ON THE TRACK, THE SERVICE HONDA KX500AF ENGINE RIPPED. IN COMPARISON TO THE HONDA CR500AF THAT WE TESTED LAST YEAR, THE KAWASAKI ENGINE WAS HANDS DOWN FASTER. OF COURSE THIS DIDN’T COME AS A SHOCK TO OLDER MXA TEST RIDERS. WHEN THE TWO MOTORCYCLES WERE STILL IN PRODUCTION, THE KX500 ENGINE TRUMPED THE CR500 POWERPLANT

On the track, the Service Honda KX500AF engine ripped. In comparison to the Honda CR500AF that we tested, the Kawasaki engine was hands down faster. Of course this didn’t come as a shock to older MXA test riders. When the two motorcycles were still in production, the KX500 engine trumped the CR500 powerplant and was preferred by every MXA tester (they just preferred the CR500 chassis over the KX500 chassis). To control the power of the KX500, the best technique is a series of short shifts to keep the engine in the meat of the powerband. The 14/47 gearing combination worked well at maintaining drive, and the FMF exhaust and silencer were a nice addition to the engine profile.

The million-dollar question is which is better, a modern KX500 or a modern four-stroke? In a head-to-head comparison, the 500cc two-stroke engine was much more difficult to ride. It came on harder, pulled harder and required a moment’s thought before pulling the trigger (and the shortish KX250F chassis didn’t help calm it down). The 450 four-stroke, while no dog, didn’t create the same kind of hesitancy. With the advent of new technology and a revised approach to the engine characteristics of four-strokes, the smooth and rider-friendly four-stroke powerband trumped the 500cc engine (not in pure speed, but in usability).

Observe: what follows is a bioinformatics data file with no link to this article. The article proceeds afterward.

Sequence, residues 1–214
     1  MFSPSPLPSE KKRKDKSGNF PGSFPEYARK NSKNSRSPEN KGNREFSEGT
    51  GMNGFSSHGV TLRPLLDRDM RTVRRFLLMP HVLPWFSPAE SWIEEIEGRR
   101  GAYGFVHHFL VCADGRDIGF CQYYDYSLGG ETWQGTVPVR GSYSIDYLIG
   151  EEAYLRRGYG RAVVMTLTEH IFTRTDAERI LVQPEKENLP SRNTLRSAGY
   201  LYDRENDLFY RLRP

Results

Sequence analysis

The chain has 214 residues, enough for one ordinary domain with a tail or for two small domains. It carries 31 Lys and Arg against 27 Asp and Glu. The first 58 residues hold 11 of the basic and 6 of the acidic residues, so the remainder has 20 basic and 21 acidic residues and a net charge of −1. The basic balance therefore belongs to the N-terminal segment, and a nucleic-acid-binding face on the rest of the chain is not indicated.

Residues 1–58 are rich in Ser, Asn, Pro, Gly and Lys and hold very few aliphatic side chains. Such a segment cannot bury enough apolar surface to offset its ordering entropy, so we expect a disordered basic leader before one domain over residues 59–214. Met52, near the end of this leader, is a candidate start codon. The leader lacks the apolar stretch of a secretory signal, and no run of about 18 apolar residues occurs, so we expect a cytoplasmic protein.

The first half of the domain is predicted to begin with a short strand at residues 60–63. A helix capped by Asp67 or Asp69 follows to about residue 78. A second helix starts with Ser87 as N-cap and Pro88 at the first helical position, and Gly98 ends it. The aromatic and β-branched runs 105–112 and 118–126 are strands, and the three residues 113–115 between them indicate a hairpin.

In the concept department, the Service Honda KX500AF seems to be an ingenious idea. Melding the power of a 500cc two-stroke with the technology of a 250cc four-stroke sounds like a match made in heaven. The power-to-weight ratio is unheard of among motocross bikes, but this marriage isn’t perfect.

2009 KX500 AFThe Service Honda KX500AF is a bike that Kawasaki should have built and sold ten years ago. Unfortunately, during the interim four-strokes took over the motocross market and killed production 500cc two-strokes.